It’s convocation season at McGill (for my American readers, that’s Canadian for “graduation” or “commencement”). Was it five years ago already that I got my MLIS?
Apparently! And even longer ago that I got my BA. Here’s a little #ThrowbackThursday I had written a few years ago about that first graduation:
KSC. Officially these letters stand for “Keene State College”, but to my friends and me they meant “Kinda Sorta College”. It’s a good enough school if you want to study music or education. The out-of-state student body is disproportionately from Connecticut (“The University of Connecticut at Keene State College”), a fact that never failed to amuse us New Hampshire locals. The campus is right on Main Street in a city of 25,000 people. There are definitely good students and great professors, but it’s the local state school and those of us in the area saw it more as a back-up plan. It was not the kind of place I saw myself graduating from. Yet one Sunday in May there I was, doing exactly that.
My degree is in European History and French. I was inducted into both disciplines’ honor societies although I can’t say I participated in either. In fact, I forgot to go to the induction for Phi Alpha Theta! Two years in a row! I guess history really does repeat itself. But I paid my dues and got to wear honors cord at graduation, so I was happy. It’s all about the honors cords.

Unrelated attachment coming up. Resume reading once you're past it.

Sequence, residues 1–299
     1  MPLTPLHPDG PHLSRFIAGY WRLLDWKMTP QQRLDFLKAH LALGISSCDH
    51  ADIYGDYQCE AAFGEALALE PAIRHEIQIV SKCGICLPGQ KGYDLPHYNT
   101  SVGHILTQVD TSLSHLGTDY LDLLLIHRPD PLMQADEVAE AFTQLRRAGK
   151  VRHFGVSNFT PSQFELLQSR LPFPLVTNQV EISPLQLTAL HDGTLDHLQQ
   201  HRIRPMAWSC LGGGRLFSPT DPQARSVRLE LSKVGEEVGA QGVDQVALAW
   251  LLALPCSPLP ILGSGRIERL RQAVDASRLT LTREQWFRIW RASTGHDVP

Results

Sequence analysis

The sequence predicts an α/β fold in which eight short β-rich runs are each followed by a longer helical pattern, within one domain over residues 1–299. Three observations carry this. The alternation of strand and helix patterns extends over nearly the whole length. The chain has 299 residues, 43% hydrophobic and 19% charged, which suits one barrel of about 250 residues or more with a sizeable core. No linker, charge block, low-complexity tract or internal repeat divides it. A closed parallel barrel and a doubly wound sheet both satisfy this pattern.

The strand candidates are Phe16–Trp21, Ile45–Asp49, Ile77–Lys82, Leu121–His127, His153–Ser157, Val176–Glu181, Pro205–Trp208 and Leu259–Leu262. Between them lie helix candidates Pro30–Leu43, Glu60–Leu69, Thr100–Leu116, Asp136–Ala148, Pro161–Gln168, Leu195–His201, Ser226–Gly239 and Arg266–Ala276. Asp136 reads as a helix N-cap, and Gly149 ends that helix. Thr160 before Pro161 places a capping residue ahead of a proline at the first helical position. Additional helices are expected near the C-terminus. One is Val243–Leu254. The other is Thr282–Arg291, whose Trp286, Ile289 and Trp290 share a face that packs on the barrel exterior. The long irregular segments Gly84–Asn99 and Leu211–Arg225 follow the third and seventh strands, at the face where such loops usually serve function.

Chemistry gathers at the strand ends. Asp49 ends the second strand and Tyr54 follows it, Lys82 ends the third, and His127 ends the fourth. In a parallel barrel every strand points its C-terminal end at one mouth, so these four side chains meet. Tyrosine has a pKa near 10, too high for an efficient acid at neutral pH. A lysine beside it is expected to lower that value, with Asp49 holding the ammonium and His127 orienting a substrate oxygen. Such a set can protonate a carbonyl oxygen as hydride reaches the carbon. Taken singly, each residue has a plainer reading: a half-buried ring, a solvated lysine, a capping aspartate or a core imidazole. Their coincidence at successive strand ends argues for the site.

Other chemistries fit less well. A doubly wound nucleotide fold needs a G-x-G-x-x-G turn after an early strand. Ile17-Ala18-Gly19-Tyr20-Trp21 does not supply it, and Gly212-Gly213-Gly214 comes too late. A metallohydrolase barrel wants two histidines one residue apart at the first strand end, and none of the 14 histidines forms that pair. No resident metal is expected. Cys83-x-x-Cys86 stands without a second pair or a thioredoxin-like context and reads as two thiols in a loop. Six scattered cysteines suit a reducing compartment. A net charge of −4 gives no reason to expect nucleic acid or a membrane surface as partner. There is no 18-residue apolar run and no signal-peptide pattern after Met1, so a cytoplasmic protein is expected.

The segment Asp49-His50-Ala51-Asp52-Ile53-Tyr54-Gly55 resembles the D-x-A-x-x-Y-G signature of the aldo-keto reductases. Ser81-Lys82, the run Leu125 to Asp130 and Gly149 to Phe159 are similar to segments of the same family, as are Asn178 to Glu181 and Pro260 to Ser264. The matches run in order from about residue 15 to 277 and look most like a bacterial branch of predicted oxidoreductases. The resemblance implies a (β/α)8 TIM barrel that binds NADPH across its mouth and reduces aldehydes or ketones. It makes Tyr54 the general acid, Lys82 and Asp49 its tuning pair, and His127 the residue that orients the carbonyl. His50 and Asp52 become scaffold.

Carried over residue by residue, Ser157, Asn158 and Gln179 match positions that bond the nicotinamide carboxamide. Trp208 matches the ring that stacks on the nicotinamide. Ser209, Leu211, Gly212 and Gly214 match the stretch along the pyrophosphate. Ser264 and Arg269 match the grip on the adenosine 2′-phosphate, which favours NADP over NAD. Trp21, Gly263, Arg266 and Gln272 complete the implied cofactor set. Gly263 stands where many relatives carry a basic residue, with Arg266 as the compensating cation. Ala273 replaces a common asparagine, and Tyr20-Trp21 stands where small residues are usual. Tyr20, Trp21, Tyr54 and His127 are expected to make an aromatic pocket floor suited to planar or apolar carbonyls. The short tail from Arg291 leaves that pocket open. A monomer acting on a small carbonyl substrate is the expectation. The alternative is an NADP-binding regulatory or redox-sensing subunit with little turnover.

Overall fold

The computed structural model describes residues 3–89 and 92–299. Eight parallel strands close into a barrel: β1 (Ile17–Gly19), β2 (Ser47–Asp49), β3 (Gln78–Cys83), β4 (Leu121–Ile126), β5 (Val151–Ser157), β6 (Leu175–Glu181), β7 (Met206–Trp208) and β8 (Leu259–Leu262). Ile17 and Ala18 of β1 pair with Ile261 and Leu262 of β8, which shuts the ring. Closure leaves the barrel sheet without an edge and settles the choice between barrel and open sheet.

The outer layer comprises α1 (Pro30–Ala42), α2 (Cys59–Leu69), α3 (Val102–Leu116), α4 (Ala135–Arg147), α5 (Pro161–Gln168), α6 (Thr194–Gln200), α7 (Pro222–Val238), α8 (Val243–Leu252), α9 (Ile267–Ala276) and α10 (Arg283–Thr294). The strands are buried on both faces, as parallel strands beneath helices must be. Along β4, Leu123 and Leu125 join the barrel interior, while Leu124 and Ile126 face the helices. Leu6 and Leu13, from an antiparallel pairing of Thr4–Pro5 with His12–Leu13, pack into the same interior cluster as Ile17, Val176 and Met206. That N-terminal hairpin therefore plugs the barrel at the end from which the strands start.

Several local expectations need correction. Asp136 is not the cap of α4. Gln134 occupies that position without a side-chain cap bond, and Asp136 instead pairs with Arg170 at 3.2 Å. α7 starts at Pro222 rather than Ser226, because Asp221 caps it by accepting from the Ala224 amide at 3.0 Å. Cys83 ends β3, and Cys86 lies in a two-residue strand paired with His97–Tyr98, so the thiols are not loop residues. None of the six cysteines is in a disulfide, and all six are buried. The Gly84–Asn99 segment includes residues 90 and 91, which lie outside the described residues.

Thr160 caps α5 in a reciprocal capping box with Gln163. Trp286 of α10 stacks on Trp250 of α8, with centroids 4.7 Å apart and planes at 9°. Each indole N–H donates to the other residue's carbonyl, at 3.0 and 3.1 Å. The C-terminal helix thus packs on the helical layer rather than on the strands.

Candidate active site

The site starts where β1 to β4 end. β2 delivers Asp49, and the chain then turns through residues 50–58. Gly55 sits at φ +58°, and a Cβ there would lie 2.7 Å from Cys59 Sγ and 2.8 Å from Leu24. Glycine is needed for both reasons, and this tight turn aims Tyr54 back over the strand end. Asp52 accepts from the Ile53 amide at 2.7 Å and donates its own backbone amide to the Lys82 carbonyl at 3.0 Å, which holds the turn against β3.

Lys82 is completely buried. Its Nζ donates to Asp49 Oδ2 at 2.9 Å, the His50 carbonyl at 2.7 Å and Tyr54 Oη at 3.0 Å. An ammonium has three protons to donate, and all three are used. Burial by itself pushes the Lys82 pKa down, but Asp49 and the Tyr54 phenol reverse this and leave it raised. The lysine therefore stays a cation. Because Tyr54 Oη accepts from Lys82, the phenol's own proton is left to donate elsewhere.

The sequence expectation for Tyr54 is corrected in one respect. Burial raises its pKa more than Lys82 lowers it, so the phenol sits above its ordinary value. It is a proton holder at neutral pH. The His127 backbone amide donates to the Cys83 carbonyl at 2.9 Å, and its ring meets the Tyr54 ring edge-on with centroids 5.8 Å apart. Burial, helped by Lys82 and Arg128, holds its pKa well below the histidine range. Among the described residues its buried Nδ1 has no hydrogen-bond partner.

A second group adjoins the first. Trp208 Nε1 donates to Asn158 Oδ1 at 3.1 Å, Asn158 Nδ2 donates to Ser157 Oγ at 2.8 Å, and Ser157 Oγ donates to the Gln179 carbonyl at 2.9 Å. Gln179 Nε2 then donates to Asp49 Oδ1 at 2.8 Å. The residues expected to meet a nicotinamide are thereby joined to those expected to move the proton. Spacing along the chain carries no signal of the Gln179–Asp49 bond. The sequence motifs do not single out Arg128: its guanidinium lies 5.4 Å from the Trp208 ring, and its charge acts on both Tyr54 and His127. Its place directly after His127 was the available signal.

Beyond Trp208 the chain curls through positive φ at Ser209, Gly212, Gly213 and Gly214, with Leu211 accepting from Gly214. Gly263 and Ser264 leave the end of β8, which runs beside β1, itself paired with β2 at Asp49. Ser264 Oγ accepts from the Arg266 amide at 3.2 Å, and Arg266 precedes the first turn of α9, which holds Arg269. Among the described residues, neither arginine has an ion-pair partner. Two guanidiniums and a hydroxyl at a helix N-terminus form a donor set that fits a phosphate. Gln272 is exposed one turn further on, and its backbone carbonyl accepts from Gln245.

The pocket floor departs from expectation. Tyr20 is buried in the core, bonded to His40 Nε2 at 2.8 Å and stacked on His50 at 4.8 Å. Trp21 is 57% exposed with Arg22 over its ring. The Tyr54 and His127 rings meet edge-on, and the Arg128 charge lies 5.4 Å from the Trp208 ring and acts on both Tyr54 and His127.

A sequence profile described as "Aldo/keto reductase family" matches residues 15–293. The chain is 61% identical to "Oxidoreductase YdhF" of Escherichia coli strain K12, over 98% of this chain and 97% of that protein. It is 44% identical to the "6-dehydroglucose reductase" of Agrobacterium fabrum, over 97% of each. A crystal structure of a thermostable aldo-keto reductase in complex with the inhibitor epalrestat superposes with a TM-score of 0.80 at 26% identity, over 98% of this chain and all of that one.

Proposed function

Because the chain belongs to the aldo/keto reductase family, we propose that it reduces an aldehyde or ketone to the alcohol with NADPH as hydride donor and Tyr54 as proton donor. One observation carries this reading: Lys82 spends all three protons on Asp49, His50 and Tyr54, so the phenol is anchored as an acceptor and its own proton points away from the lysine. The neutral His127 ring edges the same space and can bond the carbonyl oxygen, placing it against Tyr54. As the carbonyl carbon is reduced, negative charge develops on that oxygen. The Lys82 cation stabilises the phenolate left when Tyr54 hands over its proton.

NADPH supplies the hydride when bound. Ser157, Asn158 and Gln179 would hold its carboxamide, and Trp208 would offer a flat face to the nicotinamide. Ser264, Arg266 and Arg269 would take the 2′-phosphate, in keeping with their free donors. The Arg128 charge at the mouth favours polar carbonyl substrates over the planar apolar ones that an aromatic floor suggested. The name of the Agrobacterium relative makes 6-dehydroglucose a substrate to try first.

I arrived at the college around 11:00 a.m. to stand, herd-like, with the other graduates while we waited for the actual Commencement to commence, which I think was at 1:00 p.m. I had brought my knitting with me to help pass the time but since the chairs had been placed thisclosetogether, I decided not to risk the accidental elbow jab into my neighbors’ ribs. Happily, one of the students behind me provided snarky commentary. Boredom was kept at bay and I continued to bask in my academic superiority.
After the requisite 4,000 hours, the ceremony finally ended, after which my parents and I went out to dinner. We didn’t stay out too long; I had to go home and pack up enough stuff to stay in Québec for 3 ½ months for a summer position. I was leaving the next day, and between emptying out my dorm and just plain old procrastination, I hadn’t packed a thing.
Monday dawned bright and clear and as I woke up I remembered there were still snow tires on my car. Since it was May this was starting to be illegal (if not so already). I’m not sure when exactly it becomes illegal to have snow tires on your car in New Hampshire, but I’ve probably broken that law many times. Especially since I often have studded snow tires! Oh well. The guys at the tire place never seem to care. Driving down there and getting my tires changed added an extra hour to my schedule, which didn’t have time for that. Nor for the time it took me to clean out my car. And to get delayed at the border. And to get lost driving through Québec City. I had told my supervisor I would arrive at Sainte-Anne-de-Beaupré at 4:00 p.m. I got there at 8:00 p.m.
And that was my commencement into the real world.